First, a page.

In this month's newsletter we will be re-thinking how advanced editor support for all kinds of languages is built. The current state of the art is implementing support for each language like Java, PHP or C++ independently for every IDE. This labor-intensive and error-prone approach is about to change with the introduction of the Language Server Protocol (LSP).
The more advanced the tooling you are developing, the closer you are to writing a full-blown compiler/interpreter for the language. This is a huge waste of time, as the developers of the language have already written these tools, but often not with IDE requirements in mind. They are usually designed to only handle complete, valid source files, while an IDE usually has to handle source files that are currently being edited and thus by definition incomplete.
Another caveat about the traditional approach is attracting contributors. Let's say your IDE is written in Java and provides PHP support and some PHP developers are pointing out bugs. Many of them would probably love to fix those bugs themselves, but the completely different language creates a high barrier for contribution.
Last but not least, language tooling developers not only have to support a broad range of IDEs, but they also need to chase after new languages features/versions. What about Java 10 features? PHP 8? Swift 4?...
The LSP developed by Microsoft for Visual Studio Code, aims at fixing these shortcomings. It is a language and IDE agnostic protocol which clearly separates language semantics from UI presentation. Language developers can implement the protocol and benefit from immediate support in all IDEs, while IDE developers who implement the protocol get automatic support for all these languages without having to write any language-specific code. This way both parties can focus on what they do best; language developers can ensure that auto completion proposals and error markers match the language specification perfectly, while IDE developers can focus on providing a great user experience. Even better, both parties can implement the protocol using the technology of their choice. The Eclipse IDE can consume the protocol with a Java API, while a PHP language server might be implemented in PHP. Did we just find the Holy Grail?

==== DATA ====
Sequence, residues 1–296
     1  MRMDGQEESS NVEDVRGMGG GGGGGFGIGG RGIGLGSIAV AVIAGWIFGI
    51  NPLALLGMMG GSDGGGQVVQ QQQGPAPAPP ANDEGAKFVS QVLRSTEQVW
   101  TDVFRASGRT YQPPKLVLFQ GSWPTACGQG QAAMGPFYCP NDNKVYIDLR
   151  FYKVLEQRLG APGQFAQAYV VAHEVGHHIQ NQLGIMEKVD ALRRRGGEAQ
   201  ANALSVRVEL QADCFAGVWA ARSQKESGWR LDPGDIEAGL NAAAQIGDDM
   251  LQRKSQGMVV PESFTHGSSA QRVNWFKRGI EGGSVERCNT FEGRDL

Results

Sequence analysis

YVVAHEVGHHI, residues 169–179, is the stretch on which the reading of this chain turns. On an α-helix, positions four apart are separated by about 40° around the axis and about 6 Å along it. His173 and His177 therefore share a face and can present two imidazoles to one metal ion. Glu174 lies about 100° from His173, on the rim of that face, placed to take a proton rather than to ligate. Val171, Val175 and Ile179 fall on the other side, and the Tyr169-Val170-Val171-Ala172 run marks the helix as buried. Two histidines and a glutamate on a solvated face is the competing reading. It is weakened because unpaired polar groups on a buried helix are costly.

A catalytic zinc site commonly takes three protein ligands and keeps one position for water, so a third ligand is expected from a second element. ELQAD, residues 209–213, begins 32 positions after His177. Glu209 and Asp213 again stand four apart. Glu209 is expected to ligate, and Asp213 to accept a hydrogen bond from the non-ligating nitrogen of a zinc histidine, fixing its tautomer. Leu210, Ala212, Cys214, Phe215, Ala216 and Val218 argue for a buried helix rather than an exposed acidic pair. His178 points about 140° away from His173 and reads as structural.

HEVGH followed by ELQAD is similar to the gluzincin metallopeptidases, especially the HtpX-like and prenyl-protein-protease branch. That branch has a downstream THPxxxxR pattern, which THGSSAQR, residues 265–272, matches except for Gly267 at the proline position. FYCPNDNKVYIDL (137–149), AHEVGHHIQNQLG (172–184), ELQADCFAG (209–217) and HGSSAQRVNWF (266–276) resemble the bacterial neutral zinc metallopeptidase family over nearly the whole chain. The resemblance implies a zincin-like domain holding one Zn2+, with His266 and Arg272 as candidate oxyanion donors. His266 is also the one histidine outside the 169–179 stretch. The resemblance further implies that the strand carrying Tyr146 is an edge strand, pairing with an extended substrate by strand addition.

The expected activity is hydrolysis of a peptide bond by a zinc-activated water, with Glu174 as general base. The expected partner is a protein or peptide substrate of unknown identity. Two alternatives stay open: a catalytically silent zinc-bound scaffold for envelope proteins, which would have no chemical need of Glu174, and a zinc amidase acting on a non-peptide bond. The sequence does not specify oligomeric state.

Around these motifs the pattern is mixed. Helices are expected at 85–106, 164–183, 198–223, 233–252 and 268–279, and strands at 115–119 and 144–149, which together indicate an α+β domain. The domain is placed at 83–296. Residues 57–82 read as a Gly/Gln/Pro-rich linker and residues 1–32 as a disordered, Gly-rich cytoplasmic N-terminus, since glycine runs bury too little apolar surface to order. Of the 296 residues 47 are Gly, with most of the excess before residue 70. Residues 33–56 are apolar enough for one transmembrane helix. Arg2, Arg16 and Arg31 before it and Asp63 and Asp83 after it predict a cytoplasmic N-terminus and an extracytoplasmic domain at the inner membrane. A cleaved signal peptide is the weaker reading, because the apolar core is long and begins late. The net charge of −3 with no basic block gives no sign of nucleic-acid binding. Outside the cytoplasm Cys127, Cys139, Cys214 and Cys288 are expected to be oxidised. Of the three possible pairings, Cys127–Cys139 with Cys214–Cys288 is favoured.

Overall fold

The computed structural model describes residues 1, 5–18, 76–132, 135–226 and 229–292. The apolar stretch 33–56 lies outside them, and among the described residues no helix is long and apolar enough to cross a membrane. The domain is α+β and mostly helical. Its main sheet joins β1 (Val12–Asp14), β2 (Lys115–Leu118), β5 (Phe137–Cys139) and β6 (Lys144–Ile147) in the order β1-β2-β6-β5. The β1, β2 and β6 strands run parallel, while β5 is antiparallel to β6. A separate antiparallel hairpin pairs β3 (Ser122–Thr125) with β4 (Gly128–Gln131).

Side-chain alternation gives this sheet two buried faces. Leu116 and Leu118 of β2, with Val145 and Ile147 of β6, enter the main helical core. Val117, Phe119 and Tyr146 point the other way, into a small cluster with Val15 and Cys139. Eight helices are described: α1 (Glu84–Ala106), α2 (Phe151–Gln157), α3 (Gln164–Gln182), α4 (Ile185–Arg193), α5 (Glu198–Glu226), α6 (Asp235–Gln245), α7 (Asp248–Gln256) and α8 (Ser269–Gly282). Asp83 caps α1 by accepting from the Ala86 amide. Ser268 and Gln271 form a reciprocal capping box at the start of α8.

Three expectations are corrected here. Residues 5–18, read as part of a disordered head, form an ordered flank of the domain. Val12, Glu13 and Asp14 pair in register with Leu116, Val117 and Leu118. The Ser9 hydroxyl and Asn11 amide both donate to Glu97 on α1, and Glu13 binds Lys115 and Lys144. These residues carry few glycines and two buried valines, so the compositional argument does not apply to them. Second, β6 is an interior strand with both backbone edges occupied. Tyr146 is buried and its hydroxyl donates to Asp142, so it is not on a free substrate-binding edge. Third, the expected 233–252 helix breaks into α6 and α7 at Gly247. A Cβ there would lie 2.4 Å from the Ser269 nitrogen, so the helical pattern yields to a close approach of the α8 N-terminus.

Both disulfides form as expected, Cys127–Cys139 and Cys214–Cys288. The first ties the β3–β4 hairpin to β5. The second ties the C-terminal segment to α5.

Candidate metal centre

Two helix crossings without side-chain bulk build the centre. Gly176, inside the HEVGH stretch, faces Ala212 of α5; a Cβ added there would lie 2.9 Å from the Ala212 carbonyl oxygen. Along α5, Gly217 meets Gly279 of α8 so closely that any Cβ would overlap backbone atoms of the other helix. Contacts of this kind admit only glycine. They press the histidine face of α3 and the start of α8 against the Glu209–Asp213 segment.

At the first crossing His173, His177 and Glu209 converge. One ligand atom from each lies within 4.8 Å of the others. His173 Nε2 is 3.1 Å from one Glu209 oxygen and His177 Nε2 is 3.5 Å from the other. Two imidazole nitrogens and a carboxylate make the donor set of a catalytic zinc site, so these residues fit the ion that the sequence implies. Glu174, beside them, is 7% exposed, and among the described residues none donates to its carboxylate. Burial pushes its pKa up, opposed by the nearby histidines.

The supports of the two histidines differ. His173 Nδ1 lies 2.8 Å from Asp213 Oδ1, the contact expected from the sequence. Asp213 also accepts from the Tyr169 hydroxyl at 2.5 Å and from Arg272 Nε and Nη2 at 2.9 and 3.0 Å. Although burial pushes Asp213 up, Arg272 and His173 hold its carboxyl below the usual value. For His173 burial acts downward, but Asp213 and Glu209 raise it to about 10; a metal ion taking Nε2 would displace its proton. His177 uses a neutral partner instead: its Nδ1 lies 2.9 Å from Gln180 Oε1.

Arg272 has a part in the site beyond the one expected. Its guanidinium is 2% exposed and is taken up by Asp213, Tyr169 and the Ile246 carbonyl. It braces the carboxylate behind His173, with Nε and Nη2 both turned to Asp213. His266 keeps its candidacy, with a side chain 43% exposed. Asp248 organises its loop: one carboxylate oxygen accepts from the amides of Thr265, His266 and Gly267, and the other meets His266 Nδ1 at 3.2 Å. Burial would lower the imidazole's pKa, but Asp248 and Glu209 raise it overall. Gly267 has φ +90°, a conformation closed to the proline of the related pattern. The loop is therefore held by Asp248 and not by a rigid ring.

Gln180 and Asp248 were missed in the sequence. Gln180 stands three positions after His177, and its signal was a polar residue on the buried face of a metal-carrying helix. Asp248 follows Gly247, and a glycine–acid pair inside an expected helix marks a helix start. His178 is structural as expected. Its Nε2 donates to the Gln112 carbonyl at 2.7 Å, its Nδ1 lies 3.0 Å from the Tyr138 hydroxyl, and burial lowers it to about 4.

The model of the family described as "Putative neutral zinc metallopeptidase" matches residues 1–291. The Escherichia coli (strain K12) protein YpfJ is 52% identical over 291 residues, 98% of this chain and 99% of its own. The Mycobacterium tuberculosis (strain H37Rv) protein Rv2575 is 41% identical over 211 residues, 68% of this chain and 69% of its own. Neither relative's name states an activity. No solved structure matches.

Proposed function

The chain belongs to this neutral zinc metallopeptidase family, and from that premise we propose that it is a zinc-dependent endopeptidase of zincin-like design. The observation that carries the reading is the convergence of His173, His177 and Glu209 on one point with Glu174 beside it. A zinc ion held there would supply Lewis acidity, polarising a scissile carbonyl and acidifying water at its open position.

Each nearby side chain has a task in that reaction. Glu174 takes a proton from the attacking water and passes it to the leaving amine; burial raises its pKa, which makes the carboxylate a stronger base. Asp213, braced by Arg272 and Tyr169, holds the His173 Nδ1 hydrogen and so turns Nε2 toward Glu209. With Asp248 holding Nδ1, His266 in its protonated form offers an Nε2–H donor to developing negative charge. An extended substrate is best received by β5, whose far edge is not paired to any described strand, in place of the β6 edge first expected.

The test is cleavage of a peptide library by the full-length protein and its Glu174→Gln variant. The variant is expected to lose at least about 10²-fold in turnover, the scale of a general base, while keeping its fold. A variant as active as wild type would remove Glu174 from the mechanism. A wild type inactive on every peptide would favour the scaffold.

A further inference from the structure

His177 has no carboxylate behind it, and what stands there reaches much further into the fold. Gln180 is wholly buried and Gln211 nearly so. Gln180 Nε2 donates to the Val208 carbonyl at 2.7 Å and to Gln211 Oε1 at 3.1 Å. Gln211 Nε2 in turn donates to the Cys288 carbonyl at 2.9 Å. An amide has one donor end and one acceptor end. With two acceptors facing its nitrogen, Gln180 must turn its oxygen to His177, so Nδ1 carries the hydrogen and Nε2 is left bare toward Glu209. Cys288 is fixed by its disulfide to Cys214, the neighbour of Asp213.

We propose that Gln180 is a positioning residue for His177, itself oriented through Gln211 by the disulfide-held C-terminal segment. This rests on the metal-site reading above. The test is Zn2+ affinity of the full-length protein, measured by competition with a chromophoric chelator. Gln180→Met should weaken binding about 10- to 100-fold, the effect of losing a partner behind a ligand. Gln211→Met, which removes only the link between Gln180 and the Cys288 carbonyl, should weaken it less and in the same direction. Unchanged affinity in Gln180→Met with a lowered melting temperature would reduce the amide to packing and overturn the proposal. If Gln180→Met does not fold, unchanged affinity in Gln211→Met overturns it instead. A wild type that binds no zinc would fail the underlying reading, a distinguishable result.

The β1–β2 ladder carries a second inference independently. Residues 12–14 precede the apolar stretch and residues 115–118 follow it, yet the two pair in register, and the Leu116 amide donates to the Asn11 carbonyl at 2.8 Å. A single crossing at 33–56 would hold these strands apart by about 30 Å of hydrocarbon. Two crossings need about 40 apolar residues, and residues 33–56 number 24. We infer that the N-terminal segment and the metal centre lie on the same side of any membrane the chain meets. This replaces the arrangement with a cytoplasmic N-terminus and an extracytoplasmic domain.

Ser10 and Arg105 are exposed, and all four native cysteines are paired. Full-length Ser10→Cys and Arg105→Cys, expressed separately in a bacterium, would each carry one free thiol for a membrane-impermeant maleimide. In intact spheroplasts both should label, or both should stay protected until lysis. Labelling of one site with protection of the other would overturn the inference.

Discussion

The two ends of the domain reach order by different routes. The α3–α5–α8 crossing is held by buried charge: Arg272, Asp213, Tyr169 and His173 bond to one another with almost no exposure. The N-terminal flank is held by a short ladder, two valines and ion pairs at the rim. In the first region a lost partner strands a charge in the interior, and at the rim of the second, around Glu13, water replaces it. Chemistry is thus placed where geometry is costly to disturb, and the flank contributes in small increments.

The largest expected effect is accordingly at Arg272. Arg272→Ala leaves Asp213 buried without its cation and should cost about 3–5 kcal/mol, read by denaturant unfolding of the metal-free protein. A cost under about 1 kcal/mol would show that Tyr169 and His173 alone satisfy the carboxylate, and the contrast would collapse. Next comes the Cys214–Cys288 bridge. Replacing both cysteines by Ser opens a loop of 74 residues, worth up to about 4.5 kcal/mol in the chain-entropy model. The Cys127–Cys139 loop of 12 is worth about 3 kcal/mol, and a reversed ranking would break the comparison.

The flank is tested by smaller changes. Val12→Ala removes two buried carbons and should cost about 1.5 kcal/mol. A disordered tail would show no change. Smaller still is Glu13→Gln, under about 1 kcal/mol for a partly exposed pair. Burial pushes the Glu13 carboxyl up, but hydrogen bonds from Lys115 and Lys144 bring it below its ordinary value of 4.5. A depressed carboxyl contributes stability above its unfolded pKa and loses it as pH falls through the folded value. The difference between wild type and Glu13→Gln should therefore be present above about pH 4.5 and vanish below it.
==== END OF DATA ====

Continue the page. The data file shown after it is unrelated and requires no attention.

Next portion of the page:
Not quite yet. The Language Server Protocol is still limited. You do not yet get all the wonderful Java tooling that Eclipse JDT provides. But it's a paradigm shift. As I see it, IDEs will become a set of UI clients for several tooling services, all communicating via standard protocols. Microservices are everywhere, and they are coming to your IDE very soon.
Read the 8 great articles below to learn more!
Mikaël Barbero (@mikbarbero)